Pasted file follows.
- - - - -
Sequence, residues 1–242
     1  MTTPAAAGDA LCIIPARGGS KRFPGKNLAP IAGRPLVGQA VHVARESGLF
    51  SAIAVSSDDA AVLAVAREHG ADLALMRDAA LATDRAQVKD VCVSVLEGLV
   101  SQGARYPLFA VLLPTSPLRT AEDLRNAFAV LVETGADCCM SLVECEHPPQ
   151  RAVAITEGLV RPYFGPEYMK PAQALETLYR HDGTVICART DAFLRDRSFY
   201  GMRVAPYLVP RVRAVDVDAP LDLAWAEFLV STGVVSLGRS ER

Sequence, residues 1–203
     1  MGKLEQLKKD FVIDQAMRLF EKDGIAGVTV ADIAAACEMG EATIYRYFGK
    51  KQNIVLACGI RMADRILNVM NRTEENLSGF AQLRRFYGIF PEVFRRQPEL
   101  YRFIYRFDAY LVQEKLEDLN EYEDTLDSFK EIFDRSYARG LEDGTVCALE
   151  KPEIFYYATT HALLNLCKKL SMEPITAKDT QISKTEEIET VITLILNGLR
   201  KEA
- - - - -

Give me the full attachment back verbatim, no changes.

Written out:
Sequence, residues 1–242
     1  MTTPAAAGDA LCIIPARGGS KRFPGKNLAP IAGRPLVGQA VHVARESGLF
    51  SAIAVSSDDA AVLAVAREHG ADLALMRDAA LATDRAQVKD VCVSVLEGLV
   101  SQGARYPLFA VLLPTSPLRT AEDLRNAFAV LVETGADCCM SLVECEHPPQ
   151  RAVAITEGLV RPYFGPEYMK PAQALETLYR HDGTVICART DAFLRDRSFY
   201  GMRVAPYLVP RVRAVDVDAP LDLAWAEFLV STGVVSLGRS ER

Sequence, residues 1–203
     1  MGKLEQLKKD FVIDQAMRLF EKDGIAGVTV ADIAAACEMG EATIYRYFGK
    51  KQNIVLACGI RMADRILNVM NRTEENLSGF AQLRRFYGIF PEVFRRQPEL
   101  YRFIYRFDAY LVQEKLEDLN EYEDTLDSFK EIFDRSYARG LEDGTVCALE
   151  KPEIFYYATT HALLNLCKKL SMEPITAKDT QISKTEEIET VITLILNGLR
   201  KEA